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Tuesday, Nov. 30, 1999 at 23:08 CST

Y2K fears cause some to curtail Jan. 1 operations

By Neil Strassman
Star-Telegram Staff Writer

FORT WORTH -- A handful of Texas industries concerned about possible Y2K problems are temporarily halting or scaling back operations on the New Year's weekend, according to an Austin-based public interest group and an industry trade group.

Nine of 70 Texas companies surveyed by Public Research Works will shut down some operations or add extra people during the high-risk period over New Year's Day, said Robin Schneider, Public Research executive director.

"There is some momentum building for companies to take a safety holiday or to slow their operations on the last day of the year and on Jan. 1," Schneider said.

But Amy Collier, Texas Chemical Council communications director, said most companies have been working on Y2K readiness for years and are prepared.

"Nearly 100 percent of them are fully prepared," she said. "For some companies, it is safer to shut down and they are doing it as a precautionary measure, but for others, it is safer for them to keep working."

And many companies, including some listed on the survey as willing to change their operations because of Y2K concerns, said they were only closing down because of the holiday weekend.

"It's more of a holiday issue," said Matt Glascock, who handles health and safety issues at a Union Carbide Co. plant in northern Dallas County that makes adhesives and sealants. "It doesn't take a lot to shut down."

Robert Olds of Air Liquide America, a north Dallas company that packages chemicals and gases for the semiconductor industry, said the company will operate.

"We will have more people on stand-by and on call," he said. "Everyone's monitoring and has contingency plans."

And in Keller, John Lawrence of Southstar Logistics said the grocery distributor is shutting down on Dec. 31 as "a normal occurrence."

The Y2K problem, or the millennium bug as it is sometimes called, involves computers mistaking the year 2000 for 1900 and causing date-sensitive programs to malfunction. Most industries say they are prepared for Y2K and expect minimal, if any, problem.

But at risk, say federal and state environmental officials, are the many automated processes and control mechanisms at chemical plants and other industries controlled by computer chips that are date-sensitive.

Federal agencies and some states have warned fire departments and regional emergency planning committees as well as chemical companies, refineries and other industries that use, store or distribute hazardous chemicals that there could be some computer-related problems as the calendar rolls over to 2000.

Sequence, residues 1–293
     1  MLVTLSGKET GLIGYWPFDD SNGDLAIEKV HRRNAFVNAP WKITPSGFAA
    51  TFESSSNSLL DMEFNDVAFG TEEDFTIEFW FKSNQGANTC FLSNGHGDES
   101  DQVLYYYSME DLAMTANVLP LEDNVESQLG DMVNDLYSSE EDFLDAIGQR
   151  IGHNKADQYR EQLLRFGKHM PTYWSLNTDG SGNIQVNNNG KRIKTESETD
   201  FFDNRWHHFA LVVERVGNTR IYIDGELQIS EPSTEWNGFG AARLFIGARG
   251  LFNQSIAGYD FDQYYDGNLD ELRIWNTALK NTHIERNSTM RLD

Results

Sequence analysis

"Because Y2K problems can affect so many devices, cascading failures are possible," the Environmental Protection Agency wrote in a February 1999 Y2K bulletin to business. The bulletin encouraged businesses to develop contingency plans, to prepare for unanticipated events and to be ready to operate some systems manually.

"The concerns are there, but people should not be overly fearful," said Jo Schweikhard Moss, spokewoman for the Texas Division of Emergency Management. "A lot of contingency planning has been going on for a long time and many companies have a disaster plan in place, even if it is not specific to Y2K.'

TXU, which supplies power to many of the North Texas companies is ready, said spokesman Eric Schmitt.

"We are looking good. We have tested all our generating plants, moved the clocks forward with operators in the control room, and no problems have been encountered. We are ready for 2000," he said.

Companies that fail to identify and address Y2K problems will not be excused for noncompliance with environmental regulations, said the Texas Natural Resource Conservation Commission in a statement issued yesterday.

The state environmental agency has sent letters to thousands of businesses in the state, warning them of the Y2K problems they could face.

"My hope is that everybody is taking prudent measures and has appropriate contingency plans," said Jerry Poje, a member of the National Chemical Safety Board, an independent technical and investigatory federal agency.

"There's been an enormous amount of effort, but there is no universal knowledge that everyone has done what needs to be done," he said.

Neil Strassman, (817) 390-7657


-- John Whitley (jwhitley@inforamp.net), December 02, 1999


Im still looking for info on large petroleum refinery shutdowns or cutbacks. Anybody have any specific companies, locations or even rumors???

-- Downstreamer (downstream@bigfoot.com), December 02, 1999.

Great news John! Let's hope other states follow their example!

-- Hokie (nn@va.com), December 02, 1999.

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